Between 2011 and 2013, 936 allegations of
sexual abuse by the Catholic clergy were reported. According to the 2013 report from the US Conference
of Catholic Bishops, more than 40% of these victims were between the ages of ten and fourteen.
Then, hidden reports of pedophilia started to emerge from as far back as the 1940s.
In 2014, Pope Francis revealed that as many as 1 in 50 priests is a pedophile.
How was the illicit activity of a 2000-year-old organization, with 2.2 billion members, overlooked
for so long? And whose interest did it really have in mind – the safety of its victims,
or the image of the Church? In 1984 the Catholic clergy made headlines
with the case of Father Gilbert Gauthe in Louisiana.
During Father Gauthe’s 11 years in the church, he molested at least 37 boys in 4 parishes.
Some victims were silenced using threats to hurt their family. These types of threats
and manipulation became common practice in the church for decades to come.
Even more disturbing is the fact that the case of Father Gauthe may have gone unnoticed
were it not for reporter Jason Berry’s discovery of the cover-up.
Gauthe was eventually sentenced to 20 years in prison after pleading guilty to 34 criminal
counts. But since then, around 848 priests have been
defrocked – 384 of these occurring in just 2 years.
But letters addressed to Catholic bishops in the 1950s show that priest molestation
of children was recognized over 70 years ago. Former Catholic Priest John J. Geoghan [Gay-gun]
has become the inspiration for 2016 Oscar nominated movie ‘Spotlight’. His story
is a typical example of the Church’s cover-up operation. 1962 – While assigned to Blessed Sacrament,
Rev. Anthony Benzevich allegedly told church officials that junior priest Geoghan was bringing
boys into his bedroom. He denied this allegation at the time, but in 1995 admitted to having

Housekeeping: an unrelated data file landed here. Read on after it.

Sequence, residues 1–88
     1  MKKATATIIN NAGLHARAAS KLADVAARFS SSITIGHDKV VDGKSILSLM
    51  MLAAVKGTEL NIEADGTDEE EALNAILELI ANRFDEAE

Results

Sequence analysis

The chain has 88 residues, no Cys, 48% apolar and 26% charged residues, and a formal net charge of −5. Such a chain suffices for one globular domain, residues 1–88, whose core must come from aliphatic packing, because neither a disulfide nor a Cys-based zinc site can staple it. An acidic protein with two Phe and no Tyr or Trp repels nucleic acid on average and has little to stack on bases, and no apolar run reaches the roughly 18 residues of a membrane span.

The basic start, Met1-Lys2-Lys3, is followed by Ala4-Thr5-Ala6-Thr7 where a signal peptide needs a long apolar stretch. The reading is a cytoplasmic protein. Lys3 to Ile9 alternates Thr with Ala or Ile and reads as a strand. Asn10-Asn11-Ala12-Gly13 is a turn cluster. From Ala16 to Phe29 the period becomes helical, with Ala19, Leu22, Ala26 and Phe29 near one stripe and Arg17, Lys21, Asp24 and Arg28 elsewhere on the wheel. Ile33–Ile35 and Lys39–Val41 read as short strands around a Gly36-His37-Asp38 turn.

molested 4 boys during his assignment years. 1966 – Geoghan was assigned to Bernard’s
Parish in Concord. He was mysteriously transferred after 7 months but church records offered
no explanation for his reassignment. 1968 – A man complained to church authorities
that he had caught Geoghan molesting his son. As a result, The Church sent him to Seton
Institute in Baltimore for treatment for his pedophilia.
Early 1970s – Parishioner Joanne Mueller accused Geoghan of molesting her four young
sons. Mueller informed Rev. Paul E. Miceli and he asked her to keep quiet. The church
later reached a settlement. 1974 – The church moved Geoghan to St Andrew’s
Parish in Jamaica Plain 1980 – Geoghan admitted to abusing seven
boys and was placed on sick leave three days later, before being ordered to undergo psychoanalysis
and psychotherapy. 1984 – The church removed him from the parish
after complaints that he was molesting children. He was then assigned to St Julia’s Parish
in Weston where he was put in charge of three youth groups, including alter boys. Geoghan’s story of abuse, reassignment,
and cover-ups continued right up to his retirement in 1993. It wasn’t until 1998 that he was
defrocked. What were the church’s incentives for protecting
such a horrific man and allowing so many young boys to be abused? Legislation dating as far back as 1517 states
that the Church’s highest priority is preserving its image, finances, and property.
In the early 2000s Texan Lawyer Daniel Shea uncovered a confidential record from the Vatican,
dated to 1962. The document states that all those involved in sex abuse – including
victims and witnesses – were committed to total and perpetual silence, with automatic
excommunication if they revealed the abuse to the authorities.
The power of the Catholic Church means that it can easily silence witnesses and victims
– often by compensating them for their troubles. Some young victims have even claimed they
thought being abused was part of being an altar boy.
In 1992 victim Phil Saviano tried to build up a case to take his molester and the church
to court. The church responded with an offer of a $15,500 payment if he agreed to stay
quiet. In 2014 the Associated Press announced that
between 2004 and 2013 the Church had spent just under $3 million in costs related to
abuse allegations. 32 years after the first story of abuse was
reported, has the church absolved itself? Critics like law professor Lauren Carasik
claim that the church must fully answer for its past failures, and that the Vatican must
fully cooperate with prosecutors to seek accountability for abusers. Despite this, Pope Francis has claimed that
‘no one else has done more’ to tackle sexual abuse than the Catholic Church.
He has a zero tolerance policy towards pedophiles in the Church. He has promised to expel all
pedophiles from the priesthood. And in 2015, he set up a tribunal to investigate bishops
who failed to prevent child abuse taking place in their dioceses.
But before they fully cooperate and handover all their secret past abusers, it will be
difficult to believe him – and even more difficult to rebuild the trust within the